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The genesis of Israeli policies of population management, surveillance and political control towards the Palestinian minority

Widely regarded as expert in techniques of surveillance and political control, Israel has been successful in controlling a native population for a long time. Despite tremendous challenges, it has maintained a tight grip over a large Palestinian population in the territories it occupied in the 1967 war. Moreover, it has effectively contained the Palestinian minority inside its 1948 borders. This book discusses the foundation of an Israeli discourse about the Palestinian minority, which Israeli leaders called birour or clarification, and the circumstances of its emergence and crystallization. It talks about the policy of constructing the Palestinians both as non-Jews and as an assortment of insular minorities. The fate of this minority was not only an Israeli internal affair but also an issue of concern to the international community. An analysis of the legal and institutional frameworks, and the role of state power in categorizing the Palestinians, follows. The book also analyses the ways state control and surveillance were implemented at the level of the locality. The book highlights the way state educational policy not just fostered the segmentation described earlier but promoted among students and educators. It then takes up the question of political rights and their meaning under the rule of Military Government. It concludes with personal reflections on the thousands of minutes, protocols, reports, plans and personal messages.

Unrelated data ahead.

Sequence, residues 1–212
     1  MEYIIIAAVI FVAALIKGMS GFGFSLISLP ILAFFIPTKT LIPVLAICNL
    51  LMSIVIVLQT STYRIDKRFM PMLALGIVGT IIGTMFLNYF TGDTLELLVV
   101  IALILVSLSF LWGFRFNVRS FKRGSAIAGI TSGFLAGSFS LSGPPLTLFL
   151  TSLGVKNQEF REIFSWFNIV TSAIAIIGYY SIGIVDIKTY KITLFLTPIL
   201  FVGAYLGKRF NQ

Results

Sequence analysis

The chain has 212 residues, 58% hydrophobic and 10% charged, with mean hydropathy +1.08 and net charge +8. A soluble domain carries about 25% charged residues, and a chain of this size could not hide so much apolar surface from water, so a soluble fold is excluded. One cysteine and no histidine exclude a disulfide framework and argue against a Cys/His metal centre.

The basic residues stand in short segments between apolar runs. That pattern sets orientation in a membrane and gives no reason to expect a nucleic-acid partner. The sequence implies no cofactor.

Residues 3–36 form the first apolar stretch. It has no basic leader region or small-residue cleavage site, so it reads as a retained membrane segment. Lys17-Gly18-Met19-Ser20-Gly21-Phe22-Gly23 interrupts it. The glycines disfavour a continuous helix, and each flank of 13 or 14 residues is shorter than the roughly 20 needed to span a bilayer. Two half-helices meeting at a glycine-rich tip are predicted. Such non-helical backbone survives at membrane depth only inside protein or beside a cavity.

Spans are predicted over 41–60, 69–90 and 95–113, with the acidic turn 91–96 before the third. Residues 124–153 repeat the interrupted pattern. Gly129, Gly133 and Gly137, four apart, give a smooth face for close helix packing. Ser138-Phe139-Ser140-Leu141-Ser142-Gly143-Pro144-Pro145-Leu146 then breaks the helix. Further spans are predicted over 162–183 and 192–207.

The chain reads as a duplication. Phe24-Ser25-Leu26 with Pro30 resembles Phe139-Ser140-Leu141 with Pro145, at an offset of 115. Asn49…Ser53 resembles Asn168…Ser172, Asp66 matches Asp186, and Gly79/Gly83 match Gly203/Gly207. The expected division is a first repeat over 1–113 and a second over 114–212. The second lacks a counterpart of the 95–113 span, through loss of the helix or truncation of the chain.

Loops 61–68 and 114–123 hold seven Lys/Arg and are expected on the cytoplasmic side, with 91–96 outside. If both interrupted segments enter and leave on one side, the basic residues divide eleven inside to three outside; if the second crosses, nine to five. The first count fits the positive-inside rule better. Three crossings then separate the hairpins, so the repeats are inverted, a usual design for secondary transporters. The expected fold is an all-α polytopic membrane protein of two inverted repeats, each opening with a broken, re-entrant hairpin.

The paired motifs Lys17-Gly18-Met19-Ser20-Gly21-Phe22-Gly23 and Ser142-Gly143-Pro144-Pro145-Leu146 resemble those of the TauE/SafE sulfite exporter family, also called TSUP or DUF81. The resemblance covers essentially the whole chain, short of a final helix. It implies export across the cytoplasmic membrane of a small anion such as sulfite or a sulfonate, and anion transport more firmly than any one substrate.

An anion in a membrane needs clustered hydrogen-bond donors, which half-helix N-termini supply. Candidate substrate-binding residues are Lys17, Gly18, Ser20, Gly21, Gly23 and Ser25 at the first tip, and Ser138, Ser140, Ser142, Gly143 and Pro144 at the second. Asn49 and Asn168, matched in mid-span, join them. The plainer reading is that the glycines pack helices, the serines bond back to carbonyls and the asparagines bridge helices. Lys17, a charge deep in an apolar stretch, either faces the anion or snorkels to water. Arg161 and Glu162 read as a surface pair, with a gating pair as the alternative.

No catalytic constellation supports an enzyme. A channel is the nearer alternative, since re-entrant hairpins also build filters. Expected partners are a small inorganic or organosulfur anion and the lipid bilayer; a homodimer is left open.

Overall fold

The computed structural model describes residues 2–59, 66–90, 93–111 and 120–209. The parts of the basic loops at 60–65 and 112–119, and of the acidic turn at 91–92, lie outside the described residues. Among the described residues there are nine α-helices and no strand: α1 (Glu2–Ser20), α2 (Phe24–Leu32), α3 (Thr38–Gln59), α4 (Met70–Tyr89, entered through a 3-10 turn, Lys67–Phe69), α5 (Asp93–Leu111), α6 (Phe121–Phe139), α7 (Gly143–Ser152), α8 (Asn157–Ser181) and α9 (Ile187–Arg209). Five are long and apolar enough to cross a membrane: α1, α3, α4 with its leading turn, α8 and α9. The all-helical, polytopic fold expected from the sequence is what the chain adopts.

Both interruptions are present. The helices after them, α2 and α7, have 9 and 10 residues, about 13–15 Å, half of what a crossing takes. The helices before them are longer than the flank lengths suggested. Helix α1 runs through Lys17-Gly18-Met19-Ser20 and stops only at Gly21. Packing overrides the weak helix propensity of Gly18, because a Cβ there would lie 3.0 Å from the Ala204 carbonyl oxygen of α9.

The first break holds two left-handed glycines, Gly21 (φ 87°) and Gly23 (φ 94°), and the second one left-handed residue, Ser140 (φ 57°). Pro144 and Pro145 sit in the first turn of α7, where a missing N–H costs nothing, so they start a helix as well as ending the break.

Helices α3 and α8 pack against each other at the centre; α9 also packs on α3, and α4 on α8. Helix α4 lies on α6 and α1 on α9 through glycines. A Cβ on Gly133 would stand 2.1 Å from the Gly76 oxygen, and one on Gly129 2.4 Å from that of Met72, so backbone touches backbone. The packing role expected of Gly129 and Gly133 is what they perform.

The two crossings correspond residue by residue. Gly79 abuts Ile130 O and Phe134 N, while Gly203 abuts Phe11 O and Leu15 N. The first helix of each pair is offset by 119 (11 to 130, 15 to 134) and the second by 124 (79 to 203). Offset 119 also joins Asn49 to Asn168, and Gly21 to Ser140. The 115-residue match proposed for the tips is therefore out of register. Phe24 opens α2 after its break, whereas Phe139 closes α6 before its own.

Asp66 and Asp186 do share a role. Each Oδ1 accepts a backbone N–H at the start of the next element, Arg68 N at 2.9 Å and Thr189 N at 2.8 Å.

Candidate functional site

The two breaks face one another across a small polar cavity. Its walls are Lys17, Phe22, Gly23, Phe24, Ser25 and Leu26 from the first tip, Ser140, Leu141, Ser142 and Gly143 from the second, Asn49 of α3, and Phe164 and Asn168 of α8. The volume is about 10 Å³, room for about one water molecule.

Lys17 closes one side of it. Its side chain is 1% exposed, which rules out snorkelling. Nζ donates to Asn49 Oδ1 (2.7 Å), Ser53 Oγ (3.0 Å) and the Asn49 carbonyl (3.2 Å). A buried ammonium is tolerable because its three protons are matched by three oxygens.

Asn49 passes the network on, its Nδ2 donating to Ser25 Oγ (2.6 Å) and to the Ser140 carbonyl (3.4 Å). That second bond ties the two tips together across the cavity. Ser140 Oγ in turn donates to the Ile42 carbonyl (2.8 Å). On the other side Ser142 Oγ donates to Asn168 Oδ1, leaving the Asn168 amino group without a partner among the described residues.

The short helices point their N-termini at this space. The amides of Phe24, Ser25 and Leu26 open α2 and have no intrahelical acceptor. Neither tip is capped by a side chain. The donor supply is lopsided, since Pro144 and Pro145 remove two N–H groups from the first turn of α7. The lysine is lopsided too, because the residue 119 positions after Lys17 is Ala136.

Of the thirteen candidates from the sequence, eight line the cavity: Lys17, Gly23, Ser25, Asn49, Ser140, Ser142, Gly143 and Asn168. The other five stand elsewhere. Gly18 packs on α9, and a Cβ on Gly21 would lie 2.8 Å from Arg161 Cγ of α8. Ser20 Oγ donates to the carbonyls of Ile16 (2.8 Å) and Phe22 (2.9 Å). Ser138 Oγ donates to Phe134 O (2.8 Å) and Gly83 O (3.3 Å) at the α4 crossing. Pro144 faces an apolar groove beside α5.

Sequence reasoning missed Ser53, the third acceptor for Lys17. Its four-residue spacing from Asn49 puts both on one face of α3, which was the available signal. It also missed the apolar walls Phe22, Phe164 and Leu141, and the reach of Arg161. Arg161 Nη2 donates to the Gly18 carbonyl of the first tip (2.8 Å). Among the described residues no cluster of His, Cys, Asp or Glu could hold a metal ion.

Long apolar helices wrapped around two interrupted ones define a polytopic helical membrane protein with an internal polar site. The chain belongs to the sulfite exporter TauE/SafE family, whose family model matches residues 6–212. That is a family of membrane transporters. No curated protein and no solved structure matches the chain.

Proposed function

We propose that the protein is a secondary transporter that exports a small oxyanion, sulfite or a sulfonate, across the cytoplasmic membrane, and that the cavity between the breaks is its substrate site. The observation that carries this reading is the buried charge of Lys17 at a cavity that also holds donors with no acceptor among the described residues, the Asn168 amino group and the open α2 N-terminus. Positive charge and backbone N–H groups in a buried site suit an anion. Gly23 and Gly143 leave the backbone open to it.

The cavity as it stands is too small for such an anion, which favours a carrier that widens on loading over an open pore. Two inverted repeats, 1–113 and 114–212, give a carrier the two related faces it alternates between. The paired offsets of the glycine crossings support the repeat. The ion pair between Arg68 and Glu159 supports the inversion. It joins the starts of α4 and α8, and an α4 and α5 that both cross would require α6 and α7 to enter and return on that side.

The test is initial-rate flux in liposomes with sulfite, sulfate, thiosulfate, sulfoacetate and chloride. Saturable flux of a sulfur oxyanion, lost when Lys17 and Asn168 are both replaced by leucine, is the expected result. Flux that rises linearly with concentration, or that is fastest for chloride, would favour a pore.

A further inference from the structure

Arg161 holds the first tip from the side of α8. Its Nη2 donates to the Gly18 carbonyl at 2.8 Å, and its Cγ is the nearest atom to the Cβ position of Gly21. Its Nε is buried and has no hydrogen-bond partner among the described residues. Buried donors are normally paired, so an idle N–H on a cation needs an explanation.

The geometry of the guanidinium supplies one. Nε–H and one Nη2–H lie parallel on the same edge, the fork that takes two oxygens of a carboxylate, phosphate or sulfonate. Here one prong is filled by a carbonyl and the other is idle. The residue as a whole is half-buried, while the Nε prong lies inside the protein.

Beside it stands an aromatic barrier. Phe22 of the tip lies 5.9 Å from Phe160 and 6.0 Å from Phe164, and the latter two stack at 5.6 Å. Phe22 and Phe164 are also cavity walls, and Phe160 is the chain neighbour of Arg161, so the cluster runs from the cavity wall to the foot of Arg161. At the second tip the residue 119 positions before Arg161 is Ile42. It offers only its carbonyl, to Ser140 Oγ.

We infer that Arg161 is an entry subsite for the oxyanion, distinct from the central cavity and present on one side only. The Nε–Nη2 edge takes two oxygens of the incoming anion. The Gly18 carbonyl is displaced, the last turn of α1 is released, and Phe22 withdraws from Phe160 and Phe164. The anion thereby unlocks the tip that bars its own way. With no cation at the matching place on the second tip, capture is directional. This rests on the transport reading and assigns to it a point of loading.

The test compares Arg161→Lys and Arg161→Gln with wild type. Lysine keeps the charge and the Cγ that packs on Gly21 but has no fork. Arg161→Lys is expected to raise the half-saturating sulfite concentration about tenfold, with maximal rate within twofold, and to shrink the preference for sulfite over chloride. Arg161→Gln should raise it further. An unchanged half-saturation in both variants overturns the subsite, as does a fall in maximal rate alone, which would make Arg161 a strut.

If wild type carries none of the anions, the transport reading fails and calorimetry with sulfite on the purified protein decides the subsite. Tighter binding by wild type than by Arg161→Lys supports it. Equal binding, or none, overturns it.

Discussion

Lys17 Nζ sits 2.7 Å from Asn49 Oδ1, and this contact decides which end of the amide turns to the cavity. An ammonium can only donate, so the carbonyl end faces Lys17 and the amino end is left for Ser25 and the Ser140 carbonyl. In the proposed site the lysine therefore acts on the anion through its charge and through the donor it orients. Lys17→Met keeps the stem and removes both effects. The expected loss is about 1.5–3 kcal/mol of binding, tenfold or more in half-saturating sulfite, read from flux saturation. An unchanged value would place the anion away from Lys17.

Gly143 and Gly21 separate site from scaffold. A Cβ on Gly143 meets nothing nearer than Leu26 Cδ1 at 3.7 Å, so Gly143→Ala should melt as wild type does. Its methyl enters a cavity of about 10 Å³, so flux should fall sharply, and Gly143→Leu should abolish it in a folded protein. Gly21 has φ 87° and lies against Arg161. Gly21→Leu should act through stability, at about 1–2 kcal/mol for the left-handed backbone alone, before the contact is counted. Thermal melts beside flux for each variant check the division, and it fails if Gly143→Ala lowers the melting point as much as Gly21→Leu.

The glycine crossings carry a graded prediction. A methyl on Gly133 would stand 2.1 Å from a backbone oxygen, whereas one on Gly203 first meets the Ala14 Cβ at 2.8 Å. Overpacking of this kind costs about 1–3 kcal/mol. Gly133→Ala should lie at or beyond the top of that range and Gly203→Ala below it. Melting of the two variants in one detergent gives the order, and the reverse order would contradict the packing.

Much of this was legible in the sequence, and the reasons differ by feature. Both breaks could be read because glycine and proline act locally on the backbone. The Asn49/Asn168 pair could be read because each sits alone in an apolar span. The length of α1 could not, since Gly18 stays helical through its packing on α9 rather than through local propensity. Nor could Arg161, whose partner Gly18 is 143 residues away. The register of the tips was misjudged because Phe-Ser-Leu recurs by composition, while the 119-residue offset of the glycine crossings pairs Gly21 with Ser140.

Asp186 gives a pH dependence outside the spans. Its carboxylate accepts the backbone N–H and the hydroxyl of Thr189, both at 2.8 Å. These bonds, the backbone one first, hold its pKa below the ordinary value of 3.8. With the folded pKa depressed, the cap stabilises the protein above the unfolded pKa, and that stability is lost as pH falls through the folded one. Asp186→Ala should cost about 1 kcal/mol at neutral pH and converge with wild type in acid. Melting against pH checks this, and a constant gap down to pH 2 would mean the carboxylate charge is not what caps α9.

A veiled threat
Thomas J. Butko

–Israeli peace process as well as an instrument of political protest against an indigenous Arab regime. Hamas is an excellent case study with which to demonstrate the role religion performs in political conflict. Currently, Hamas is gaining in popular support due to renewed violence in the Middle East and the Palestinian population’s increased endorsement of suicide or ‘martyrdom’ operations against

in Redefining security in the Middle East
Place, space and discourse
Editors: Christine Agius and Dean Keep

Identity is often regarded as something that is possessed by individuals, states, and other agents. In this edited collection, identity is explored across a range of approaches and under-explored case studies with a view to making visible its fractured, contingent, and dynamic features. The book brings together themes of belonging and exclusion, identity formation and fragmentation. It also examines how identity functions in discourse, and the effects it produces, both materially and in ideational terms. Taking in case studies from Asia-Pacific, Europe, the Middle East and Latin America, the various chapters interrogate identity through formal governing mechanisms, popular culture and place. These studies demonstrate the complex and fluid nature of identity and identity practices, as well as implications for theorising identity.

Ilan Danjoux

wages to collapse while unemployment quadrupled (Kimmerling and Migdal 2003: 294). With no end in sight to Israeli rule and deteriorating living conditions, the brewing animosity and frustration within the Palestinian population exploded into the 1987 Intifada (uprising). The six years of sustained wide-scale protests against Israeli rule that ensued fundamentally altered Israeli attitudes towards

in Political cartoons and the Israeli-Palestinian conflict